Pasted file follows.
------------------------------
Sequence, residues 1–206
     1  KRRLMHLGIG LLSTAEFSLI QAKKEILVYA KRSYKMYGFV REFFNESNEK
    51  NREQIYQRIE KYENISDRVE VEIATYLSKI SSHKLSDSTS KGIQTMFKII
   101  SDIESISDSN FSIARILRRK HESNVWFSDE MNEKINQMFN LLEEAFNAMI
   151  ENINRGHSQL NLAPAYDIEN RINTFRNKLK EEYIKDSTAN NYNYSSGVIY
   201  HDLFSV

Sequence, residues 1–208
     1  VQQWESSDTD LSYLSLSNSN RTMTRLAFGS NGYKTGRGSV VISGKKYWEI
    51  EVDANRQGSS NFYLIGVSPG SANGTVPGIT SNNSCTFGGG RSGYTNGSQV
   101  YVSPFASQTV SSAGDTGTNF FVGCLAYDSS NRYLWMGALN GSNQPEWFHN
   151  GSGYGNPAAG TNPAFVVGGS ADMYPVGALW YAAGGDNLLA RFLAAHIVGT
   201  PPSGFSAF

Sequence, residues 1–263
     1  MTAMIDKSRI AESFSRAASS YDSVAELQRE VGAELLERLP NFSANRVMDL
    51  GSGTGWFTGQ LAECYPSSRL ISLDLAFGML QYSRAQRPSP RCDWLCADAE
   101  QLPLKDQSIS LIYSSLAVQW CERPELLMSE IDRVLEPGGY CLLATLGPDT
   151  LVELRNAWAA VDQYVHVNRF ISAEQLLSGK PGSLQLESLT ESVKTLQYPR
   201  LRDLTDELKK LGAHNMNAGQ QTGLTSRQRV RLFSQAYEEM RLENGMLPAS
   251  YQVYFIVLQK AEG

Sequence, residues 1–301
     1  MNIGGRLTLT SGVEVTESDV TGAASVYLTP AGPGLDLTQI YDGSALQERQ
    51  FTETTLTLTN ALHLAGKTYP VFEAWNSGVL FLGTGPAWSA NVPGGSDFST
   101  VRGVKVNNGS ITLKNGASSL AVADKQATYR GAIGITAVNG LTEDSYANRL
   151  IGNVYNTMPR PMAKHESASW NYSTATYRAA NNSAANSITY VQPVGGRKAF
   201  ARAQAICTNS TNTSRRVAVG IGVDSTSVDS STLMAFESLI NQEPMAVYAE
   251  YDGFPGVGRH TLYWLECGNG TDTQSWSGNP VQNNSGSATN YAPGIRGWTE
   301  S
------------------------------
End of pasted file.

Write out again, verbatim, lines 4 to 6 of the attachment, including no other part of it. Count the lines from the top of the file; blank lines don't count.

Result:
   101  SDIESISDSN FSIARILRRK HESNVWFSDE MNEKINQMFN LLEEAFNAMI
   151  ENINRGHSQL NLAPAYDIEN RINTFRNKLK EEYIKDSTAN NYNYSSGVIY
   201  HDLFSV